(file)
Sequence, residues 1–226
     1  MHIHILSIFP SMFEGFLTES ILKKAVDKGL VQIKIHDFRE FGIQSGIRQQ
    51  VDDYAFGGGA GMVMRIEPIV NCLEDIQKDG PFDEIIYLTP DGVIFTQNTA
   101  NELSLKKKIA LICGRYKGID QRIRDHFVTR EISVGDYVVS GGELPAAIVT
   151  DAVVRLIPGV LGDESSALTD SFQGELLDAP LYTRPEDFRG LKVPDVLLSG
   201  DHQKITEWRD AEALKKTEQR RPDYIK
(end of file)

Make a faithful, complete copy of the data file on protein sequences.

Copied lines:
Sequence, residues 1–226
     1  MHIHILSIFP SMFEGFLTES ILKKAVDKGL VQIKIHDFRE FGIQSGIRQQ
    51  VDDYAFGGGA GMVMRIEPIV NCLEDIQKDG PFDEIIYLTP DGVIFTQNTA
   101  NELSLKKKIA LICGRYKGID QRIRDHFVTR EISVGDYVVS GGELPAAIVT
   151  DAVVRLIPGV LGDESSALTD SFQGELLDAP LYTRPEDFRG LKVPDVLLSG
   201  DHQKITEWRD AEALKKTEQR RPDYIK